An average #1 record for use would shift between 30 and 70 units depending on the genre. The most we’d ever sold on the day of release was just over 100 for a Prodigy release.

To say everybody and their dog wanted a copy of Candle In The Wind was an understatement, because their dogs buddies wanted copies too.

We placed an order for 300 units and sold the lot on the first morning. At one stage my partner was stood on the counter trying to calm angry customers down as they were jostling each other to get to the now empty boxes.

Can you believe that in retrospect? People were pushing and jostling each other as well as aiming abuse at us (after we’d sold out) just because of a CD single.

That is the massive power of social proof and it’s ability to make the  most reasonable people act unreasonably.

It was social proof that drove the sale of cabbage patch dolls and pet rocks. Social proof was one of the reasons why so many normally conservative mortgage brokers thought selling sub-primes was less risky than it turned out to be.

And social proof is why most bigger blogs show you their RSS subscriber count. The theory being the bigger the number the more value you will place on their material and thus the more likely you are to subscribe.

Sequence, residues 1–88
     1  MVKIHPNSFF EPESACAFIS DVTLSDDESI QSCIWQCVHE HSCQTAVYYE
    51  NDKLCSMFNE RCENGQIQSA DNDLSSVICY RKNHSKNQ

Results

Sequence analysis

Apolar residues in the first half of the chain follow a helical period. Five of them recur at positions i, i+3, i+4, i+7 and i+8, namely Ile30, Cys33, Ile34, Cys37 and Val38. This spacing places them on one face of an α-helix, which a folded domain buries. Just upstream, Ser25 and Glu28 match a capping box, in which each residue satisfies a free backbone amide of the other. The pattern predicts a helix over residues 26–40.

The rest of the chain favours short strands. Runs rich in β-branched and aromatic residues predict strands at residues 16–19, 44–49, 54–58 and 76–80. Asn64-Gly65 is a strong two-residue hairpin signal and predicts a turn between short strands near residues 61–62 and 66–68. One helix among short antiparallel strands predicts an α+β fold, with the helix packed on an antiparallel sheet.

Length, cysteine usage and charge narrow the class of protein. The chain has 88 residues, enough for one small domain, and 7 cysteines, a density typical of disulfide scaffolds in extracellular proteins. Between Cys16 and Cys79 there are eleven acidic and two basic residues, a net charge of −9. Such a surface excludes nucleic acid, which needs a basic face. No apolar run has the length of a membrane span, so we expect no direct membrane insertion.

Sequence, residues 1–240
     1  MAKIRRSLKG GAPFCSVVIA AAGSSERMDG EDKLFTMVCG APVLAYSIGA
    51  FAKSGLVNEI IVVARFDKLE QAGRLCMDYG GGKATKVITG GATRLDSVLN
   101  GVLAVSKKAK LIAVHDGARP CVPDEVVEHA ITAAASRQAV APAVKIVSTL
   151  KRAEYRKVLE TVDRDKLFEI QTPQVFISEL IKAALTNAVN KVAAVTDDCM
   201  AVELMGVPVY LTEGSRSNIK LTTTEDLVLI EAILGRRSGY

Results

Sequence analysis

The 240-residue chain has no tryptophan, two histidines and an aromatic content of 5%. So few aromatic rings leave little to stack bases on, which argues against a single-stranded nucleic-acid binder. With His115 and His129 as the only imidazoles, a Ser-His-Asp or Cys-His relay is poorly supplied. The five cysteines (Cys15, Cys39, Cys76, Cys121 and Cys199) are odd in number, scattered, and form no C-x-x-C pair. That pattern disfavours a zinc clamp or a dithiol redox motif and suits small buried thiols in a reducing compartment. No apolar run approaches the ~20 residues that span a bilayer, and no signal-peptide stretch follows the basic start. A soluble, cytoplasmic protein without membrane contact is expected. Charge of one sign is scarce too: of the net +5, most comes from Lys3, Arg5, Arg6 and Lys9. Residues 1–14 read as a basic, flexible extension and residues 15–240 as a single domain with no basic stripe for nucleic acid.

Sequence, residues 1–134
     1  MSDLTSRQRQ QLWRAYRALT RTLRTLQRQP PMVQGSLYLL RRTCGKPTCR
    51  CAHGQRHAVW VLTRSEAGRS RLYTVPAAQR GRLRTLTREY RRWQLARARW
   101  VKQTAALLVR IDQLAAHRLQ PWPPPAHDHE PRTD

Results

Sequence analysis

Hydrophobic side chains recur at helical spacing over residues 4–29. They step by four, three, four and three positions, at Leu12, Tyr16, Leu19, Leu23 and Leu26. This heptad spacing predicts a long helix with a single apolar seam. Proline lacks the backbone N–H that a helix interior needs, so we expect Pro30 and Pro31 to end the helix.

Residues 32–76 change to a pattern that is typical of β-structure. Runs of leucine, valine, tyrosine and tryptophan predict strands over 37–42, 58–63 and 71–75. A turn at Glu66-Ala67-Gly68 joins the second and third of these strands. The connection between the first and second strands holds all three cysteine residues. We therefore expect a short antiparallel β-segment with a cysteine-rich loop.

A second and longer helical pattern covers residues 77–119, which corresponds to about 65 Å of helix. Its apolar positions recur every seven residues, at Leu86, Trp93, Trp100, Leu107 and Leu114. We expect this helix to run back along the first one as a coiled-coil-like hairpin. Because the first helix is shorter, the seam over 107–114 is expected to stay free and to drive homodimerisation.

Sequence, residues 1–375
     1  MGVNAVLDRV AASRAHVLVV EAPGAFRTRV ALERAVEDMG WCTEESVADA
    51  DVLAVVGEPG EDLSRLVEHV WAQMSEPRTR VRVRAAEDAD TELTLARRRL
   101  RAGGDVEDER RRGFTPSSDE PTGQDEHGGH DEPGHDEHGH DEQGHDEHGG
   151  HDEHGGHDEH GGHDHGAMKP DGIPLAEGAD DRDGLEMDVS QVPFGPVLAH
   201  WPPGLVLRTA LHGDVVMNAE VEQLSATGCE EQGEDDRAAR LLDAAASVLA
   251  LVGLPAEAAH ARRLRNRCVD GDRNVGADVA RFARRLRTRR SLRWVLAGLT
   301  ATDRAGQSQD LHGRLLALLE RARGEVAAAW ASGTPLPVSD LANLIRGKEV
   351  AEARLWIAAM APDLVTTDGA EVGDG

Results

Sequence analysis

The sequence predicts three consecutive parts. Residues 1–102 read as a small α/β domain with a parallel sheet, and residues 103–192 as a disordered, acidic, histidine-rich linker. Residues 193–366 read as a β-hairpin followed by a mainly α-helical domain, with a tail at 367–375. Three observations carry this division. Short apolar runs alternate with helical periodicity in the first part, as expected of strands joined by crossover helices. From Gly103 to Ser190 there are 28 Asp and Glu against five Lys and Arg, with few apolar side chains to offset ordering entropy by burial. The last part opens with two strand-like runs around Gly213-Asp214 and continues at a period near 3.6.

Can you think of any decisions you have made that you now realize were based upon social proof?

Most people I ask this question claim they’re never caught out by it. A secret for you. Everybody gets caught up in social proof from time to time.

So come on fess up, did you really buy some M C Hammer pants or stand in line at midnight to grab your copy of Titanic on video, or do you even possess a copy of Candle in the Wind that you haven’t played since the week you bought it?

In the next post I’ll conclude this look at cognitive biases with a run down of some of the other ones you possess that can adversely effect your decision making process if you’re not aware of them.

Oh and by the way, I now have almost 5.6 billion subscribers to my newsletter. Don’t miss out on being one of the uber-cool kids, sign up now . In Decembers edition I’ll be dishing out some free stuff just to sweeten the deal.